Epigenetic reprogramming consists of global changes in DNA methylation and histone modifications. In mammals, epigenetic reprogramming is primarily associated with sexual reproduction and occurs during both gametogenesis and early embryonic development. Such reprogramming is crucial not only to maintain genomic integrity through silencing transposable elements but also to reset the silenced status of imprinted genes. In plants, observations of stable transgenerational inheritance of epialleles have argued against reprogramming. However, emerging evidence supports that epigenetic reprogramming indeed occurs during sexual reproduction in plants and that it has a major role in maintaining genome integrity and a potential contribution to epiallelic variation.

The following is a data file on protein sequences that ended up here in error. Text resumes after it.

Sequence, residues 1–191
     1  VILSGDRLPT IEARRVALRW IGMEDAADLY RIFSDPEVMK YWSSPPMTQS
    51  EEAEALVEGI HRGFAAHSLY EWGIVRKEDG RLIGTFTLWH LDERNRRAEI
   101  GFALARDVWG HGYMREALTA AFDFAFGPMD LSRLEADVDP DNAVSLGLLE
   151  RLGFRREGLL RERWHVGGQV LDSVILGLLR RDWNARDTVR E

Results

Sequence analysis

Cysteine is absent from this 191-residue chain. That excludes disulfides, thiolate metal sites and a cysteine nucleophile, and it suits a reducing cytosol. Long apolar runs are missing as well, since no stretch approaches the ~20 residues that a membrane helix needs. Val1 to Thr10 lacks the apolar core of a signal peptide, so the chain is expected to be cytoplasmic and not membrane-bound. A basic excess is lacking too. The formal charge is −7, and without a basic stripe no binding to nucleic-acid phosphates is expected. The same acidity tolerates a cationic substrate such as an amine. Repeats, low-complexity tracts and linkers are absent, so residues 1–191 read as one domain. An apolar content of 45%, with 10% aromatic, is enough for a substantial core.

|Number of pages||12|
|Journal||Nature Reviews Genetics|
|State||Published - Sep 2014|
Bibliographical noteFunding Information:
The authors thank B. H. Le and R. Feil for critical reading of the manuscript. F.B. and T.K. were supported by Temasek Life Sciences Laboratory. They apologize to colleagues whose publications are not cited owing to space limitations.
ASJC Scopus subject areas
- Molecular Biology